2017-12-08

Why Bitcoin will fail

This is not about a specific flaw in Bitcoin, however Bitcoin is a proeminent exponent of the crypto-currency galaxy. Any cryptocurrency that don't have a sufficient loan base have these problems.

Bitcoin, especially, looks more and more like a Ponzi scheme that is just ready to blow. Only that there will be no Charles Ponzi to sue, only a lot of people that lost money and a few winners that sold the bitcoins before the bang.

Or, with another metaphor, Bitcoin is like a global poker game where some will take the pot and the others will bite the dust. It may happen tomorrow or after years, but for me this is the only reasonable end. Until then, everybody believes they have a very good hand...



Here are my arguments:

No loans, no value


I said some time ago to my colleagues that Bitcoin would have a chance only if there would be loans denominated in Bitcoin. With all their problems, the fiat money (the regular money we are using) have a great advantage, that is often overlooked: they are created by loan, so there is a promise of value creation behind fiat money.

The mortgage is the best loan that can create money, because there is a guarantied value behind the money created through that loan. If the loaner will not create the value that can be exchanged with the loaned sum, he/she will lose the house. Therefore, the money created by loan and spent by the loaner needs to be re-acquired to pay the mortgage, creating an intrinsic demand for it.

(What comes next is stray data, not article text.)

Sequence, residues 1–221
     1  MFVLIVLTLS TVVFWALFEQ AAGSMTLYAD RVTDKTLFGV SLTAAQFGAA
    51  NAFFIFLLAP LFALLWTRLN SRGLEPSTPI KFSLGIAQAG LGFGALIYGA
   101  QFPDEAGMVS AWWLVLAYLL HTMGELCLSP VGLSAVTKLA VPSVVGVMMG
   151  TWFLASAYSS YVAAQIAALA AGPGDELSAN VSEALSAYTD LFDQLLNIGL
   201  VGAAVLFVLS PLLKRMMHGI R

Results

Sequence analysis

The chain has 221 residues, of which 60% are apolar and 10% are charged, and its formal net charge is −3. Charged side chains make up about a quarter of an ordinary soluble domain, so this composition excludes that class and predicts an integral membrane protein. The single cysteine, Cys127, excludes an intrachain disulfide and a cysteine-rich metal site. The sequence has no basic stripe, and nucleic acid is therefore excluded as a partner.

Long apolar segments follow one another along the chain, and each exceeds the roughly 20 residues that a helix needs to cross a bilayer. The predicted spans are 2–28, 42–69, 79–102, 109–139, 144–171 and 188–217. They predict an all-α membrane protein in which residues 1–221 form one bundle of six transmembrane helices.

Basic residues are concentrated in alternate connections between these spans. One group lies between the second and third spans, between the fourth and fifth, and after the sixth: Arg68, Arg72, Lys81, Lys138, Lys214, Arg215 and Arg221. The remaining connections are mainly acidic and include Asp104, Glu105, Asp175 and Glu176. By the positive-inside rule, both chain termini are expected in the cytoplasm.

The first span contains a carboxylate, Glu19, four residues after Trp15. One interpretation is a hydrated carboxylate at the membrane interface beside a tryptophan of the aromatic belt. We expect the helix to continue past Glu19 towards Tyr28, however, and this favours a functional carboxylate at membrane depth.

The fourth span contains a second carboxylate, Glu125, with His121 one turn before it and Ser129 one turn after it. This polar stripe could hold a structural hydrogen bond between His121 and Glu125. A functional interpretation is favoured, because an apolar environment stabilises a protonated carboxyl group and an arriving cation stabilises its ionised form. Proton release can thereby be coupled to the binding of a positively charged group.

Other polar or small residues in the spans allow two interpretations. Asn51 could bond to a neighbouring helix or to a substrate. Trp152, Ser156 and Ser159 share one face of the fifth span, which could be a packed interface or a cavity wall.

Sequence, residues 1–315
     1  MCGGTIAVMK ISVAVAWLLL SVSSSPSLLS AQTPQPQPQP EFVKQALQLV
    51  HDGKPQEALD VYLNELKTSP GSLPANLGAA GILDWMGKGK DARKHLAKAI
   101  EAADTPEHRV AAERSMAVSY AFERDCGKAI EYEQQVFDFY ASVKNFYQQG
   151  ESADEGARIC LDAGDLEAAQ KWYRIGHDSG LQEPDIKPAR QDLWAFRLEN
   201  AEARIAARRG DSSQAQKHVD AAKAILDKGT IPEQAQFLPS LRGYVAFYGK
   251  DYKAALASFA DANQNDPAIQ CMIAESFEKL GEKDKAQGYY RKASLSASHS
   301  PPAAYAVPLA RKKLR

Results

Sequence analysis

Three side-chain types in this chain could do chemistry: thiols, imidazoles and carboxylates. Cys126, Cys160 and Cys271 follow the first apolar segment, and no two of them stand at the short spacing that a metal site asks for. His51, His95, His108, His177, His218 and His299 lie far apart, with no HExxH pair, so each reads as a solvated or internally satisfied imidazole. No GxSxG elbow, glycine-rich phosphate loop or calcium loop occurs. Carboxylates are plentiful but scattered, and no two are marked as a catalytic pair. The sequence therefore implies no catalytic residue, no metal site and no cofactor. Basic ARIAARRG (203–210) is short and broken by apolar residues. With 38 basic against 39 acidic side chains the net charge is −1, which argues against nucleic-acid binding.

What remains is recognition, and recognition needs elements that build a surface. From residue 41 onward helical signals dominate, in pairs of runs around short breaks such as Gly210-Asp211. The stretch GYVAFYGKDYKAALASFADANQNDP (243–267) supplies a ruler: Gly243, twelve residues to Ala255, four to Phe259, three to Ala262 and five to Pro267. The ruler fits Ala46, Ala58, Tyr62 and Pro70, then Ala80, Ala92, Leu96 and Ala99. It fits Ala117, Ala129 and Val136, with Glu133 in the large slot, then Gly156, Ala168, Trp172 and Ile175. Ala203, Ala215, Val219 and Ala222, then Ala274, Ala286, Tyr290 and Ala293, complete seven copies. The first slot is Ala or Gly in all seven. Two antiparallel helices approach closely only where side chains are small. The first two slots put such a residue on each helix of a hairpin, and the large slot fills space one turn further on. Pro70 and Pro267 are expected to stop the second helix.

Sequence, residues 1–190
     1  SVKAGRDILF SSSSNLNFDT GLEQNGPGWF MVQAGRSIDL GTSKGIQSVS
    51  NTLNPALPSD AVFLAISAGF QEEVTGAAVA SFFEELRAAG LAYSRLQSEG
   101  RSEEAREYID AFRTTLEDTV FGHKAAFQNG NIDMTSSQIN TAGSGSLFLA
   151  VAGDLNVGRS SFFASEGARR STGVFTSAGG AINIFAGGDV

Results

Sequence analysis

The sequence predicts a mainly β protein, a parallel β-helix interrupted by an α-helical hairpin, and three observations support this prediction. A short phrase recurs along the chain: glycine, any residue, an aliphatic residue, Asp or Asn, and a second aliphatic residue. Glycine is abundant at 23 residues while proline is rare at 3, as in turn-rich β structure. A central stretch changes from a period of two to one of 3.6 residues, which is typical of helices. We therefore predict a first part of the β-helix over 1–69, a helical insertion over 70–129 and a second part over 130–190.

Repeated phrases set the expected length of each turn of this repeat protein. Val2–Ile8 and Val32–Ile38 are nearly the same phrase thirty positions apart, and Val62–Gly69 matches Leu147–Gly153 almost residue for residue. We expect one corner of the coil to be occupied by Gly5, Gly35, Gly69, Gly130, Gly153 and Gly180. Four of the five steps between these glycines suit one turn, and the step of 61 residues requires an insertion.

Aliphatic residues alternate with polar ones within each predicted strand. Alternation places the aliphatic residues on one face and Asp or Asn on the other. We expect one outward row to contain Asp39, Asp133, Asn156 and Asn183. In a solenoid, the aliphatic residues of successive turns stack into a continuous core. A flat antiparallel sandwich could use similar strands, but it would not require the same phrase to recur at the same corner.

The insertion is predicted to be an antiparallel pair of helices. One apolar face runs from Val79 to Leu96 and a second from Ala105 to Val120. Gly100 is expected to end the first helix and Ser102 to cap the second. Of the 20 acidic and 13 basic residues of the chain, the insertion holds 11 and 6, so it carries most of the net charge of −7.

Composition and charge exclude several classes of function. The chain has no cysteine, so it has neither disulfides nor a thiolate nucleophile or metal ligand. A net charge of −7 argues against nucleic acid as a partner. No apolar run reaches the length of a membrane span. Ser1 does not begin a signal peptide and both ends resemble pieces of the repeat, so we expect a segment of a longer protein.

The value of that money, for the loaner, is at least the value of the house that can be lost if he cannot pay the mortgage. Therefore, there is an intrinsic motivation for the loaner to "buy" that money back by creating value, in order to preserve the house. If most of the money are created by loan, there is sufficient pressure to buy that coin and preserve, at least, most of it's initial value.

Thing are different for cryptocurrencies. I am not aware of any loans in cryptocurrencies, most of it's value is created by speculative investments. In particular, Bitcoin, being so volatile (rapid increase in value), is a really bad candidate for taking a loan. Therefore, Bitcoin does not have a sufficient intrinsic force that have a need for this coin in particular.

People could very easy switch to any other cryptocurrency at any time, without having anything to lose. If you just need to transfer value anonymously, why not switching to Bitcoin2, Bitcoin3, or TulipCoin? There are many emerging cryptocurrencies, people could switch very fast. The people that will sell Bitcoin early will get the increased value, the others will lost what the first people won. I see no significant value behind the Bitcoin that can be preserved or redeemed when speculators leave the game.